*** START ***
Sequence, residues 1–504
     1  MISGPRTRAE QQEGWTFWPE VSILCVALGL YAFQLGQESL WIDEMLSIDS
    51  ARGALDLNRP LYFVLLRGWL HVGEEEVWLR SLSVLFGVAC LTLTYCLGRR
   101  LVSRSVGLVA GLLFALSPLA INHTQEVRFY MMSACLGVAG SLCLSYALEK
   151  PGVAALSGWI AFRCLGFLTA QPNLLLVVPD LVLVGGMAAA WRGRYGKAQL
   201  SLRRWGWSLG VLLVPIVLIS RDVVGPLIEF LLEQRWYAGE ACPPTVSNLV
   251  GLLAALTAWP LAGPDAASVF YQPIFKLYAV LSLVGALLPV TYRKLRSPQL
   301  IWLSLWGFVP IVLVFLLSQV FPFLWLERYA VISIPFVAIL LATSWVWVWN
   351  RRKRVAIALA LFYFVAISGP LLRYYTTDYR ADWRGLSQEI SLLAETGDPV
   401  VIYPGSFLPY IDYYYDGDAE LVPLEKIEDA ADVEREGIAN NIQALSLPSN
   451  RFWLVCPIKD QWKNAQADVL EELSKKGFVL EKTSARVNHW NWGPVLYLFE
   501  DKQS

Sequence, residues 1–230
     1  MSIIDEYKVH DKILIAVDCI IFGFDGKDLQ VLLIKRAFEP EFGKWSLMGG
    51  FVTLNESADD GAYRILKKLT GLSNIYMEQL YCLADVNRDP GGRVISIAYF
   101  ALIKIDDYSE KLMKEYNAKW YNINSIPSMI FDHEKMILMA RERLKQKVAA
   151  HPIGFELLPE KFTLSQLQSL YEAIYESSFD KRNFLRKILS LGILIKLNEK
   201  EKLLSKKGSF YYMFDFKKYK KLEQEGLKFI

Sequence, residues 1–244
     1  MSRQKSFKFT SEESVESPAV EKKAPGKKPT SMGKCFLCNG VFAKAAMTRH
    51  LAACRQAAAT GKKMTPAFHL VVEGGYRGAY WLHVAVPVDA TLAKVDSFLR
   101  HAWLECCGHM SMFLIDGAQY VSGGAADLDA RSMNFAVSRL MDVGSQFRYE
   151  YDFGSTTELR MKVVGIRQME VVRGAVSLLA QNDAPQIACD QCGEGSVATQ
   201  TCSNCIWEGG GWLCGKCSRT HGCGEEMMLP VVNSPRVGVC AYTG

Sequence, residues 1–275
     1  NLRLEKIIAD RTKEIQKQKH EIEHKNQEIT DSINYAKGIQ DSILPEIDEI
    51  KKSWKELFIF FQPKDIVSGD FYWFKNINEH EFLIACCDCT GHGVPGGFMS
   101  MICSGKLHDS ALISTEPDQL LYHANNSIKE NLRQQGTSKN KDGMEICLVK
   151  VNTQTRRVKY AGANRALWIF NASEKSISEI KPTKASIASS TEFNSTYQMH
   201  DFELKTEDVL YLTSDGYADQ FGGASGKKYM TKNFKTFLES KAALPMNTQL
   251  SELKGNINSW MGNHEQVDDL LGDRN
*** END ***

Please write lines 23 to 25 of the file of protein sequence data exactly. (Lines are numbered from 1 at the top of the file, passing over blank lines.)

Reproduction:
   151  YDFGSTTELR MKVVGIRQME VVRGAVSLLA QNDAPQIACD QCGEGSVATQ
   201  TCSNCIWEGG GWLCGKCSRT HGCGEEMMLP VVNSPRVGVC AYTG

Sequence, residues 1–275